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Bill DiBenedetto headshot

Tiffany: Sustainable Mining and Stakeholder Collaboration


Tiffany & Co.’s 2014 sustainability report asserts that the iconic jeweler has a “moral imperative to help sustain the natural world.” The company, after all, is uniquely in tune with the environment as it has combined art, aesthetics and profits for more than 175 years.

“At Tiffany, we believe that sustainability is a critical element of our business strategy, and that sustainable principles should be practiced in every part of our company,” said Frédéric Cumenal, CEO of Tiffany & Co. In his first month as CEO, Cumenal appointed the company’s first chief sustainability officer, Anisa Kamadoli Costa.

Tiffany’s chairman of the board, Michael J. Kowalski, asserts the company has “long challenged both the mining and jewelry industries to improve — to increase transparency, and prioritize environmental protection and human rights. Jewelry consumers deserve to know that we have taken every effort to ensure that their jewelry is sourced and crafted responsibly.”

Sustainability is “inherently collaborative and stakeholder driven;” it recognizes and embraces the integral role that stakeholders play in its business, including employees, stockholders, nongovernmental organizations (NGOs), industry members and supply chain partners, the report says.

The sustainability report provides an overview of the company’s efforts regarding major environmental and social challenges, with a focus on responsible mining and sourcing of raw materials, ranging from diamonds and gold to packaging.

Specific areas of the report, which align with the Global Reporting Initiative (GRI) and United Nations Global Compact reporting frameworks, include:

Responsible mining

Tiffany says “significant progress” was made last year on the development of a globally recognized standard for responsible mining. As a founding member of the Initiative for Responsible Mining Assurance (IRMA), the company has collaborated with representatives from industry, NGOs, impacted communities, labor organizations and others to develop third-party, multi-stakeholder standards for responsible mining. This year IRMA plans to pilot the draft standard and release a revised draft before a final standard is adopted.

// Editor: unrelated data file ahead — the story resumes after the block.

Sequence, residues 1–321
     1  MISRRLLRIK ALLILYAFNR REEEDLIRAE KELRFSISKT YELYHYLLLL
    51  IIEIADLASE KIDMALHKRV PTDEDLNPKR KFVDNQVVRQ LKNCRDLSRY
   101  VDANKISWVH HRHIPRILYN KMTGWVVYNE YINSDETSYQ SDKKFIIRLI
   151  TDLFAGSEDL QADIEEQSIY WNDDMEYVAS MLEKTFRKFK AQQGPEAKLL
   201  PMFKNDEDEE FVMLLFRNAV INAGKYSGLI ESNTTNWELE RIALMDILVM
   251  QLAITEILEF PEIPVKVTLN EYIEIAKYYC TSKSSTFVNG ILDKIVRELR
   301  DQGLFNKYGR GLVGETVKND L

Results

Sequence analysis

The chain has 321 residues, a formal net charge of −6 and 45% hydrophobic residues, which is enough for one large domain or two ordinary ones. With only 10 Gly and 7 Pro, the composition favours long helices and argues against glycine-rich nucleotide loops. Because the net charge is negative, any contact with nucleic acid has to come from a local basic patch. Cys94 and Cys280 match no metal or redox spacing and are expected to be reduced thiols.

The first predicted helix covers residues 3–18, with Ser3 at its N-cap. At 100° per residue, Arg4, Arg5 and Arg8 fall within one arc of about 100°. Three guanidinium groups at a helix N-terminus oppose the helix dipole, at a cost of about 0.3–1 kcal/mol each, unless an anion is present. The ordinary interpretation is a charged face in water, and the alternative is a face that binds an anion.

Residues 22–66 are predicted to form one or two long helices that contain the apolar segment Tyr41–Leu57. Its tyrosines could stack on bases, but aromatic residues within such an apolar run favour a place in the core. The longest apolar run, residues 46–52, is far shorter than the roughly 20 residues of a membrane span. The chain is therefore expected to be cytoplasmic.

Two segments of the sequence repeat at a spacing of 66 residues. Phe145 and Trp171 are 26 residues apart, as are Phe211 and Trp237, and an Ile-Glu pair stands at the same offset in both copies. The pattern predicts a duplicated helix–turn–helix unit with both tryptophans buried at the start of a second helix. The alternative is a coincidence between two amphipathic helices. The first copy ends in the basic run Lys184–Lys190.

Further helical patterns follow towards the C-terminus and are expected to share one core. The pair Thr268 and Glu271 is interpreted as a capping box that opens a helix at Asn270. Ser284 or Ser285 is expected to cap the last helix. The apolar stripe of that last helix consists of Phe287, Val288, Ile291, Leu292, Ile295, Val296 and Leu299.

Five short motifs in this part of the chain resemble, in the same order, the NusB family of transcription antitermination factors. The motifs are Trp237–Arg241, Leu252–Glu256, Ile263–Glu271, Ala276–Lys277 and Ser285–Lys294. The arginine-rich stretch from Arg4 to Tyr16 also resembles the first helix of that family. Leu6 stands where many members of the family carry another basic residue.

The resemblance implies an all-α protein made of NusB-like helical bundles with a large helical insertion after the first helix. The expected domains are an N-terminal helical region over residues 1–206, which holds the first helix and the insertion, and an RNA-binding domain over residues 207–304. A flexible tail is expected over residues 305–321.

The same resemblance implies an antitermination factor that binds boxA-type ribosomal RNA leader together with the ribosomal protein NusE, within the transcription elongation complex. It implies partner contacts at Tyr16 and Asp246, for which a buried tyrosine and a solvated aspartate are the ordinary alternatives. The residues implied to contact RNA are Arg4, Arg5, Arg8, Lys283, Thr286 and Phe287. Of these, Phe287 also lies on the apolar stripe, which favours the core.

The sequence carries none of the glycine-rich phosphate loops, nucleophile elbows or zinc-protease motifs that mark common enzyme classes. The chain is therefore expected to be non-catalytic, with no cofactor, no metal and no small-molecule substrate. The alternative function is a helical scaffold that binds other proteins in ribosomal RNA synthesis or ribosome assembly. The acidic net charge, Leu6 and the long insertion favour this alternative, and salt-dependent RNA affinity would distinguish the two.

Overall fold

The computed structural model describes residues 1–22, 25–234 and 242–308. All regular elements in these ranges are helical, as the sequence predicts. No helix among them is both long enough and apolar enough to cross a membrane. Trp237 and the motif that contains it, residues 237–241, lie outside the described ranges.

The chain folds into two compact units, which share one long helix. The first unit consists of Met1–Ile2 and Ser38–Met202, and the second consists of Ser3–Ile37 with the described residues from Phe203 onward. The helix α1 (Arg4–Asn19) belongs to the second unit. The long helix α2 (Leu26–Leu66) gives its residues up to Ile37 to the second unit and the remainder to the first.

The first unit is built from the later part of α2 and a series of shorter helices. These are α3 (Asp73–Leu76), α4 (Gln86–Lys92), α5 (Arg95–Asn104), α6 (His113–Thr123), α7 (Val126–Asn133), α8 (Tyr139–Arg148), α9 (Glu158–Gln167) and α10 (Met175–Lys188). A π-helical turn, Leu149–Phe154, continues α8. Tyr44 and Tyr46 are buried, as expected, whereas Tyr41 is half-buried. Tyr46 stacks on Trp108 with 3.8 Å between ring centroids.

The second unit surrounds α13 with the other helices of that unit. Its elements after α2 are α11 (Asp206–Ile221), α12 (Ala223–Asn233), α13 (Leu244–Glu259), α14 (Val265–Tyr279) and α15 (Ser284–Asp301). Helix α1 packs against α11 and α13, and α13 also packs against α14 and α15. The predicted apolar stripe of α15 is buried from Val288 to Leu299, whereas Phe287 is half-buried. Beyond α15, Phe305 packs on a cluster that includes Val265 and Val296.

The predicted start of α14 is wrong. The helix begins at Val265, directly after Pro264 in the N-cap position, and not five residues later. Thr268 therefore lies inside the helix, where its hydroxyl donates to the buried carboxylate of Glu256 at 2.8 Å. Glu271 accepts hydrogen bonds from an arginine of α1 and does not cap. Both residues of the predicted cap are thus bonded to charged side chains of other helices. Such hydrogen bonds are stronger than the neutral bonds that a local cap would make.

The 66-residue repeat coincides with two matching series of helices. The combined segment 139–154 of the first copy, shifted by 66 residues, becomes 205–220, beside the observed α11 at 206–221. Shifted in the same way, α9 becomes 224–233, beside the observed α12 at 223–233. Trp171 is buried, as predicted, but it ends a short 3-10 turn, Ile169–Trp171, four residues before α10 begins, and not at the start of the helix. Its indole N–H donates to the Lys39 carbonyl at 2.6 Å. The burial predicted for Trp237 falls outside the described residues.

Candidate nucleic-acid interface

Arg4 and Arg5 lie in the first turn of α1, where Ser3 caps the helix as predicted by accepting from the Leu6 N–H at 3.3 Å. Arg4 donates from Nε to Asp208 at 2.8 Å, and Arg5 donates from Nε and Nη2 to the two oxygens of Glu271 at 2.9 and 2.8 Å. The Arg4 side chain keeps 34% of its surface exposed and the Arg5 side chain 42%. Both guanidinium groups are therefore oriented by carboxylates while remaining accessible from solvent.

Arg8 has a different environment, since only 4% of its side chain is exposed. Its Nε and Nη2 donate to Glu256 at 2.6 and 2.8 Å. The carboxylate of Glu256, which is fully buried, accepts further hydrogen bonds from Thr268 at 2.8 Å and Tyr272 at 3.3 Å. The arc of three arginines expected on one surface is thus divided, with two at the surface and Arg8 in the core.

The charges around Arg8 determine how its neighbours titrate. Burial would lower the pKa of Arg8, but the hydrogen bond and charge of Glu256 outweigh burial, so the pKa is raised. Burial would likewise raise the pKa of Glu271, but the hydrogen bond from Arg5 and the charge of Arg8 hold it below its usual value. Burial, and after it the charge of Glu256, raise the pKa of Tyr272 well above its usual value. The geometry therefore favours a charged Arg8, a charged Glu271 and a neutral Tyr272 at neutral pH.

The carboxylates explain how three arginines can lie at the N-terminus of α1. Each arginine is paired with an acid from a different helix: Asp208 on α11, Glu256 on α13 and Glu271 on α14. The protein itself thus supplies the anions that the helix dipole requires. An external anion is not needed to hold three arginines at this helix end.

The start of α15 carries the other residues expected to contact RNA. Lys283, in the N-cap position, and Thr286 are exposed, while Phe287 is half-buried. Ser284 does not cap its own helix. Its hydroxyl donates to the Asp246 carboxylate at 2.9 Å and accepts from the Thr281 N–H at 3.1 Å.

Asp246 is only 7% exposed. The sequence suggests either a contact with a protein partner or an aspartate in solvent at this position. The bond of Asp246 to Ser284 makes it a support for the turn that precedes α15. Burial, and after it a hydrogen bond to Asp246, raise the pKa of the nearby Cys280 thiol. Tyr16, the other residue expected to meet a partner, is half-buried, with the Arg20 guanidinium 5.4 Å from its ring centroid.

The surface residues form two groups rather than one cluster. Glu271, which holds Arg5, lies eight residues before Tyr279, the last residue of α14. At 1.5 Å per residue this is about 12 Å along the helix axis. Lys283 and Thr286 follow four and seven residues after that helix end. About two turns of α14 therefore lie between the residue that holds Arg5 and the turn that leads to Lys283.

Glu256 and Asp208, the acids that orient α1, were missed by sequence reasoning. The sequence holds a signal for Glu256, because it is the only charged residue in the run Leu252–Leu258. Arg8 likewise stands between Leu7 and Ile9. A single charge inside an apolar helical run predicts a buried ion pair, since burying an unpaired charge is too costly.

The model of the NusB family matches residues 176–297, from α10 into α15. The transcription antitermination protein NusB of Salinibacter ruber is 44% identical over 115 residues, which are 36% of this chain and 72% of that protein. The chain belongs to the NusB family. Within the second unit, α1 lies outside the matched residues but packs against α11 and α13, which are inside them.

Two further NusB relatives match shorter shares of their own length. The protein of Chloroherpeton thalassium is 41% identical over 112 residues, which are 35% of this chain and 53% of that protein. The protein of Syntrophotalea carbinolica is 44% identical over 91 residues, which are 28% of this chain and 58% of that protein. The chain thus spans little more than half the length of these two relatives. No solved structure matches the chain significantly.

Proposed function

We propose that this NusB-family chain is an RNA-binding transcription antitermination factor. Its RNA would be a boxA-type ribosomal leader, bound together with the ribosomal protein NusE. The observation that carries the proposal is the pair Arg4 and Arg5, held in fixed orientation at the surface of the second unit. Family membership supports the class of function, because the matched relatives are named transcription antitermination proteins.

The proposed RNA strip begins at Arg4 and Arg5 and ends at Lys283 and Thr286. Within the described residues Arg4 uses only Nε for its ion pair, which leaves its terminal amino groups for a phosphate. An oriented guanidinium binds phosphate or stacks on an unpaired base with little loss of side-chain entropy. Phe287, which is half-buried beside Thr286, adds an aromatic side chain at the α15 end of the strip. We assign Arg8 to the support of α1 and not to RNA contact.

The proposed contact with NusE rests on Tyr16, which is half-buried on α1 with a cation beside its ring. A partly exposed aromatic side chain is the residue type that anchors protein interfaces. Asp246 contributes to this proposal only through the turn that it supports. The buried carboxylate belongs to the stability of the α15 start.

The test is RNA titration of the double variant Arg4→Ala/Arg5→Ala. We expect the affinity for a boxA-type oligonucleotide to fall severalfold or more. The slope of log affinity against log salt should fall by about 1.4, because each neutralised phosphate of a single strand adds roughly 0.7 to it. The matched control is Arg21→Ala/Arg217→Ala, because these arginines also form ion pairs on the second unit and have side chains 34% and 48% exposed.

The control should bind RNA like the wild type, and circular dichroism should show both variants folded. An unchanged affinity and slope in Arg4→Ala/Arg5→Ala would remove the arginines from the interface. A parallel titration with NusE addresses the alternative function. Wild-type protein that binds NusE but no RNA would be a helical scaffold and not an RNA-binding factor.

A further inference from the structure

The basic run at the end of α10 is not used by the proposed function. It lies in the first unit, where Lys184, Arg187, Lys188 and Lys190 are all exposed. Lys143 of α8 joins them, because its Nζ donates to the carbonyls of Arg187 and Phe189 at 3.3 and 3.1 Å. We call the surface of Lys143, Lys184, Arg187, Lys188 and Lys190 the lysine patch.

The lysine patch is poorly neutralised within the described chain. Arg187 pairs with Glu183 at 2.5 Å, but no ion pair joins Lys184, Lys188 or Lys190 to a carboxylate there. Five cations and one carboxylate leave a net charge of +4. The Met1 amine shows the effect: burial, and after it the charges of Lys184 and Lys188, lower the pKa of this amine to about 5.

Tiffany also has taken an innovative approach to sourcing by forming direct relationships with many of the mines that supply diamonds and precious metals. In 2014, the company received 100 percent of its rough diamonds either directly from a known mine or from a supplier with multiple known mines.

Paper and packaging

To ensure that the paper for Tiffany Blue Boxes and bags is responsibly sourced, 100 percent of paper suppliers for boxes and bags in 2014 were FSC certified. FSC certification assures that wood and paper products come from renewable and well-managed resources.

In 2014, the Tiffany Blue Box was made with more than 89 percent recycled content, and the Tiffany Blue bag was made with 50 percent recycled content.

Building footprint

Tiffany has committed to reducing total global greenhouse gas emissions by 15 percent from 2013 to 2020. Last year it continued a global initiative to replace energy-intensive lights in retail displays with efficient LED lights and expanded it to include LED overhead lighting. By the end of 2014, over 30 retail locations were retrofitted with LED overhead lighting, with an additional 35 to 40 locations planned in 2015.

Tiffany appears to get it: It has “integrated sustainability into many dimensions of its work — from the social and environmental practices of the mines we source from to the paper in our iconic Blue Boxes and bags.” It also uses the power of its brand to raise awareness about critical issues and lead the jewelry industry toward a more sustainable future, the report says. A moral imperative? That’s where the art and practice of sustainability should start.

Image credit: Little blue box by Shereen M via Flickr CC

Bill DiBenedetto headshotBill DiBenedetto

Writer, editor, reader and generally good (okay mostly good, well sometimes good) guy trying to get by.

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